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C-H Peh, F. Panerai, J. Droulez, V. Cornilleau-Pérès, L. -F. Cheong; Absolute distance perception during sagittal head motion. Journal of Vision 2001;1(3):311. doi: 10.1167/1.3.311.
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© ARVO (1962-2015); The Authors (2016-present)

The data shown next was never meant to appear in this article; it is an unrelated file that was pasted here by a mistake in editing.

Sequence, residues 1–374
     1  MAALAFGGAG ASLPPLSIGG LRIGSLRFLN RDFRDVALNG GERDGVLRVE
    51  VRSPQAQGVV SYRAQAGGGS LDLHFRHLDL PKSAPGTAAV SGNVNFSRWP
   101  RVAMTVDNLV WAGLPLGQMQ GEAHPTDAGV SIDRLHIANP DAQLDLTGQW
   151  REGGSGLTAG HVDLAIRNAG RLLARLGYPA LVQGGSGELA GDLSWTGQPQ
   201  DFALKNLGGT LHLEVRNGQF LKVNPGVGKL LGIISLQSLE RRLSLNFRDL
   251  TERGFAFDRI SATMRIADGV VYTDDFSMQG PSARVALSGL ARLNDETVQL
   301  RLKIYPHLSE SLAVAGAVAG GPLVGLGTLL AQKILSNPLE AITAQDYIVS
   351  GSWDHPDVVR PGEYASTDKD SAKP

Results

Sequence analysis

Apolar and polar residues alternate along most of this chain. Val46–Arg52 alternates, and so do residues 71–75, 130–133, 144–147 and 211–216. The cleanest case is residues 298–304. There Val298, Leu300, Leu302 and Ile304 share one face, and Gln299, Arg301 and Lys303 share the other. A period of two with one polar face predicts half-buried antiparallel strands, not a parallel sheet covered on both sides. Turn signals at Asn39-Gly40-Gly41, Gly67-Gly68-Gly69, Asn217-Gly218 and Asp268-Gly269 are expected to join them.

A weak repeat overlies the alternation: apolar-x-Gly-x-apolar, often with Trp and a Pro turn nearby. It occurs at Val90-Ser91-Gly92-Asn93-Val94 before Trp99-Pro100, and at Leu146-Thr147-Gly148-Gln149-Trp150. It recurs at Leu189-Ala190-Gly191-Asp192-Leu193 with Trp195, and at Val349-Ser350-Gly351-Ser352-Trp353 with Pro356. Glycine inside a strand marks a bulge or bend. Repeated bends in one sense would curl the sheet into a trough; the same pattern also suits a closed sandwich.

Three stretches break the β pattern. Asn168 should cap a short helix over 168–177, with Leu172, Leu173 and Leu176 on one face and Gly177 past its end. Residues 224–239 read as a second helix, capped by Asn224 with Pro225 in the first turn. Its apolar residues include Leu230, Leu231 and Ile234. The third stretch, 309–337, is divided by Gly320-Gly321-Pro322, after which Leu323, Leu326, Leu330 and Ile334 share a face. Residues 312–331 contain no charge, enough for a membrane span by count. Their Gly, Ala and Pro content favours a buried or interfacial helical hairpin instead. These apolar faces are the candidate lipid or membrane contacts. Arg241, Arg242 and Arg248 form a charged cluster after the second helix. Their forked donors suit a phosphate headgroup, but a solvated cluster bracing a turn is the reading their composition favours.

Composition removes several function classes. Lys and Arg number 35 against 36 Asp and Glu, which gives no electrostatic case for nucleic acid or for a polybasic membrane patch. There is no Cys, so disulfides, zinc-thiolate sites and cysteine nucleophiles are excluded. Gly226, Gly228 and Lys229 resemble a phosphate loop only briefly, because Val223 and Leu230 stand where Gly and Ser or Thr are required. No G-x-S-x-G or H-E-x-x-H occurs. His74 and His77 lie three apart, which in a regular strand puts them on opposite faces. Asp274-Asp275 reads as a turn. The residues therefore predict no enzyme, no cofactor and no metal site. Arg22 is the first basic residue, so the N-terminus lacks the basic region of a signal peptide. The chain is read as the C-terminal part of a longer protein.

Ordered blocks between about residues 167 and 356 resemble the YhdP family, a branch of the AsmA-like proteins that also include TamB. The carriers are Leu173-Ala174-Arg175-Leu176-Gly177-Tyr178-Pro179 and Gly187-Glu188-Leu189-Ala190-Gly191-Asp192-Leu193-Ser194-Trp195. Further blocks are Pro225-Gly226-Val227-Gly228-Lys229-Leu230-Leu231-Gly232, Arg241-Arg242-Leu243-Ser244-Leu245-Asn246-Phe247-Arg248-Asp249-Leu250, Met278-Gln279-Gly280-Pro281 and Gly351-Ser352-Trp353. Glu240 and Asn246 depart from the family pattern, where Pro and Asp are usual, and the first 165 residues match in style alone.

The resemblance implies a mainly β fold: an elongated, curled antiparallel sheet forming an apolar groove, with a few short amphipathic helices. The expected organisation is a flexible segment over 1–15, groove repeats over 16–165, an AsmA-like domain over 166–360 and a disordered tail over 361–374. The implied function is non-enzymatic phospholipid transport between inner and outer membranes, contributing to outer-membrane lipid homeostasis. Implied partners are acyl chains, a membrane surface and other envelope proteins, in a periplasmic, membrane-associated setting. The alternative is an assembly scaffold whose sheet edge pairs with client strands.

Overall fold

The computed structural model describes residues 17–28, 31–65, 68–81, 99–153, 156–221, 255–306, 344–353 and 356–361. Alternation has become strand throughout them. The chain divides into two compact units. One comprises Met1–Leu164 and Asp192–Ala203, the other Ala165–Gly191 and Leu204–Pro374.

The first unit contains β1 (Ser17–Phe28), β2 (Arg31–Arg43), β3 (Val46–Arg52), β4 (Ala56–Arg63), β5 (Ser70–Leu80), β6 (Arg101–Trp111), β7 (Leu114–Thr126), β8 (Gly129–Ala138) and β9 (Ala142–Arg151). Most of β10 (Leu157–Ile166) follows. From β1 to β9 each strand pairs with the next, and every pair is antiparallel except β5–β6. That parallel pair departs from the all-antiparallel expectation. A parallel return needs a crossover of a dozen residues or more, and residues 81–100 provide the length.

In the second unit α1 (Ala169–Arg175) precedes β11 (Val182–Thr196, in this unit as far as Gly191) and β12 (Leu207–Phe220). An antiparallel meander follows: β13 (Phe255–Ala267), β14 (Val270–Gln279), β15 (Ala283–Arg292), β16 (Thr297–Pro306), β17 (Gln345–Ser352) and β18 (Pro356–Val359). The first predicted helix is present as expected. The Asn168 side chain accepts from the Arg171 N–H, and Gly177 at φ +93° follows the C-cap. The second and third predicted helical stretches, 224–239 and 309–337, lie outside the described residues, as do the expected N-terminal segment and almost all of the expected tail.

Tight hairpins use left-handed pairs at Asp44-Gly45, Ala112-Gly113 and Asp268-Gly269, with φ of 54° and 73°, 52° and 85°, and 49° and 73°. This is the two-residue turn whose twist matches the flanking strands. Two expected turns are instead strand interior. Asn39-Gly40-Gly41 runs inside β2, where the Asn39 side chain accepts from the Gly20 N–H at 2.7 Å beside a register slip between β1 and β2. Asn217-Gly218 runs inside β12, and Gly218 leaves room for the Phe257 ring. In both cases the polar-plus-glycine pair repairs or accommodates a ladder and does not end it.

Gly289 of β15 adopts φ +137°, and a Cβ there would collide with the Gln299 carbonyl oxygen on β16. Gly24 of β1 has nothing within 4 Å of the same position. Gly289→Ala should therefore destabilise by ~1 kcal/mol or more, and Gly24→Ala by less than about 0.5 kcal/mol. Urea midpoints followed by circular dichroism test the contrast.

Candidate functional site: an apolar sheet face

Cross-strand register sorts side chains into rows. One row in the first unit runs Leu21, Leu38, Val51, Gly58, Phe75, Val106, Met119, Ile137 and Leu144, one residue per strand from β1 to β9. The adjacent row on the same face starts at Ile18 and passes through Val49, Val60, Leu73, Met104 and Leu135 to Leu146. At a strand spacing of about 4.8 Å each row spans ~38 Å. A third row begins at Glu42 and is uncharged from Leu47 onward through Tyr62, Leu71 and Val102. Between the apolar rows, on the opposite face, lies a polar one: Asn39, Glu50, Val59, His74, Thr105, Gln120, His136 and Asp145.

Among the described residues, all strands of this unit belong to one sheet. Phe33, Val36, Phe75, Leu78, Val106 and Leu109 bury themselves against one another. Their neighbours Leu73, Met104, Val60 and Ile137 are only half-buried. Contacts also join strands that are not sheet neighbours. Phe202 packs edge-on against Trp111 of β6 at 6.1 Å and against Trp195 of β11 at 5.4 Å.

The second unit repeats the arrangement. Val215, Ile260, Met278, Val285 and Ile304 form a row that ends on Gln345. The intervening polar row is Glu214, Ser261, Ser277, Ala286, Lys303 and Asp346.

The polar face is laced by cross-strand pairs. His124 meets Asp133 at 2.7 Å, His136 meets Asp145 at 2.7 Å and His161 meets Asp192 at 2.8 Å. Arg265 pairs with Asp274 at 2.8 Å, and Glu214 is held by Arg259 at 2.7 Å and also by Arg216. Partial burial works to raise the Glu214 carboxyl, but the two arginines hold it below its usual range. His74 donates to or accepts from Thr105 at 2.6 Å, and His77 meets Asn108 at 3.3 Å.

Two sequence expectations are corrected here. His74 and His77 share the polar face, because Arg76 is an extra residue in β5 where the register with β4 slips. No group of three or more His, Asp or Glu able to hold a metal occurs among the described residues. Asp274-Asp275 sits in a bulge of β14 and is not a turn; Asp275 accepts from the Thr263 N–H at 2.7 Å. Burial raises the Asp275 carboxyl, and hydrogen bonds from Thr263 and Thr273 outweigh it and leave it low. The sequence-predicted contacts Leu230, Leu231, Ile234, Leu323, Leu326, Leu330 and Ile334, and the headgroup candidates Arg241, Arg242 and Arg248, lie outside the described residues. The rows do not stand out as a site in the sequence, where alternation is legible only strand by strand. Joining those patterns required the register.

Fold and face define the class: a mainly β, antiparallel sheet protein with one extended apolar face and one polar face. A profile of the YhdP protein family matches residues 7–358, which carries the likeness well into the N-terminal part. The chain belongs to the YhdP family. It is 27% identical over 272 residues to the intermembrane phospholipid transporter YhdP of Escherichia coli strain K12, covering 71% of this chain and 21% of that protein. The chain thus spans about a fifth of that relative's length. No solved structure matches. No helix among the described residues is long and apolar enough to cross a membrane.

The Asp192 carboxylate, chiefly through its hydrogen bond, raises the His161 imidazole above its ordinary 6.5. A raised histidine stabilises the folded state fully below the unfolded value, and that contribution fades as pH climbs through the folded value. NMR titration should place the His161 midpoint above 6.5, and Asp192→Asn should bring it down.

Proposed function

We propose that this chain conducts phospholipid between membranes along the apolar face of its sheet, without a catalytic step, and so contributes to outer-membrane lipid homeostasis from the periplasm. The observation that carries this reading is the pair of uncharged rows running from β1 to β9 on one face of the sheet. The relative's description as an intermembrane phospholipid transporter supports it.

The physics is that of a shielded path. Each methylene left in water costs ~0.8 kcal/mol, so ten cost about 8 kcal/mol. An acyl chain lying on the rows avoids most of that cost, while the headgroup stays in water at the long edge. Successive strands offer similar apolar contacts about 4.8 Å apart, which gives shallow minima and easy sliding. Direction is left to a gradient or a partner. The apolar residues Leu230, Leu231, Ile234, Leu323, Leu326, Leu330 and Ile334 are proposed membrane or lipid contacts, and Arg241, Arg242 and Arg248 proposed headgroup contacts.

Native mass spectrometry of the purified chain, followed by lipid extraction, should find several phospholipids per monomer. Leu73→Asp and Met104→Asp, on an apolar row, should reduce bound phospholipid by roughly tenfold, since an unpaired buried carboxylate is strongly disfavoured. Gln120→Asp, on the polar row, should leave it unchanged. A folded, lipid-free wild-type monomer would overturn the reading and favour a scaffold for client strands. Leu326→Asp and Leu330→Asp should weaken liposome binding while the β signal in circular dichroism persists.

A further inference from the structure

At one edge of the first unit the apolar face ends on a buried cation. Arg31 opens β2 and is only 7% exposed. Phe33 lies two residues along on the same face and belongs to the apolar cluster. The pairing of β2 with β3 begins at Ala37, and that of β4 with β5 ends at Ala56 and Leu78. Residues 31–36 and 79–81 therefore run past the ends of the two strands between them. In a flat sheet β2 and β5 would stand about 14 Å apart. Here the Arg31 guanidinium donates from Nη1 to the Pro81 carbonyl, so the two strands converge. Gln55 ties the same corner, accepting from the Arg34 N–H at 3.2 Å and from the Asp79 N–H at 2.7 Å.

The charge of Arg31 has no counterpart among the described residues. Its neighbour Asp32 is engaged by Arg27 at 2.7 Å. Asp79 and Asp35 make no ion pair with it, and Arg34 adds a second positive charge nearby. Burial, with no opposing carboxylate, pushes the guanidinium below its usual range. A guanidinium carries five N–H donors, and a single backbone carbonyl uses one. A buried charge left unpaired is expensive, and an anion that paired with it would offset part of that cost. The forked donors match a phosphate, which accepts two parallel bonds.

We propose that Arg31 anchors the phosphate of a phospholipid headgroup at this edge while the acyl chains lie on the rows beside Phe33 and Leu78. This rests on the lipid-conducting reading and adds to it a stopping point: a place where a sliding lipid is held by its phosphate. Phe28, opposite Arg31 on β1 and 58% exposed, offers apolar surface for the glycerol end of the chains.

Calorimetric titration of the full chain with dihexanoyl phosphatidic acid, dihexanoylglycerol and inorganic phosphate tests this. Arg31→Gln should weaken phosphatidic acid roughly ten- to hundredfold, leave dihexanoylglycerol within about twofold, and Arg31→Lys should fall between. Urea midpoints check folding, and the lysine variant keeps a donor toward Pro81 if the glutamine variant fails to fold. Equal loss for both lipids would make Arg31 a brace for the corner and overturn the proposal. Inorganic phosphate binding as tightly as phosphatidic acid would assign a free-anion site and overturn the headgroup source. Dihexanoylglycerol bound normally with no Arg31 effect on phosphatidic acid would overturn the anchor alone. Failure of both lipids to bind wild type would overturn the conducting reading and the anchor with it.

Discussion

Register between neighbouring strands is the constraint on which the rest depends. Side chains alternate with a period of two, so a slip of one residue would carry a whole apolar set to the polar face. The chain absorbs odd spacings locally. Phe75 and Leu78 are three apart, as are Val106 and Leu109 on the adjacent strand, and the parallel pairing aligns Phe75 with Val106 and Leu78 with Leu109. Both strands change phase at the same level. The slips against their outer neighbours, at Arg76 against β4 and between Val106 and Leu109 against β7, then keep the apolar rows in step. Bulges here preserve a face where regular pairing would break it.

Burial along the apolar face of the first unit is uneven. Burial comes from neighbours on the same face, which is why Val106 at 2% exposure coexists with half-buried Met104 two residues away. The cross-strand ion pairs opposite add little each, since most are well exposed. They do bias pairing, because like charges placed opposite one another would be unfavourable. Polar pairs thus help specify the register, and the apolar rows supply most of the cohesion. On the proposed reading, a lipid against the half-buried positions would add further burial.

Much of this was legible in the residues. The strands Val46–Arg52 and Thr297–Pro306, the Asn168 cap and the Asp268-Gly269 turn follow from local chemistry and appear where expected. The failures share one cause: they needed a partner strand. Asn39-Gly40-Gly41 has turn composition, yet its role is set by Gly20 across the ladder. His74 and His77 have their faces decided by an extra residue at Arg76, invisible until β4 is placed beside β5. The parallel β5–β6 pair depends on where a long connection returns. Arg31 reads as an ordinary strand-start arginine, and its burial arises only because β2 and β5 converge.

We questioned the ability for monocular human observer to scale absolute distance under sagittal (in-depth) head motion. The computer-generated stimuli represented spheres of 2 apparent sizes, 6 or 15 degrees, covered with randomly distributed dots. They were presented to the subjects at eye-level at distances ranging from 30cm to 238cm. In the self-motion (SM) condition, the stimuli simulated a stationary sphere in a virtual 3D space while subjects moved their head along the sagittal axis with an amplitude of 10cm (frequency: 0.3 Hz). This head motion was recorded and was later applied to the sphere observed by a stationary subject in the object motion (OM) condition. Subjects had to indicate the position of the sphere among 4 distance intervals. The average psychometric curves of 4 subjects indicate that distance estimates in conditions OM and SM covaried strongly with stimulus distance and were accurate (median error of 7.64 per cent and 13.09 per cent in conditions SM and OM respectively). This was surprising because subjects had in principle no cue to absolute distance in condition OM. In a second experiment, we randomized the head motion among 3 amplitudes (5cm, 10cm and 15cm). We found that responses covaried exclusively with image divergence in condition OM (R=−0.71, p<0.05), and with distance in condition SM (R=0.87, p<0.05). Therefore, when amplitude is randomized in condition OM, subjects are not able to estimate distance. On the contrary, they are able to use the information related to their own sagittal motion to scale absolute distances in condition SM.
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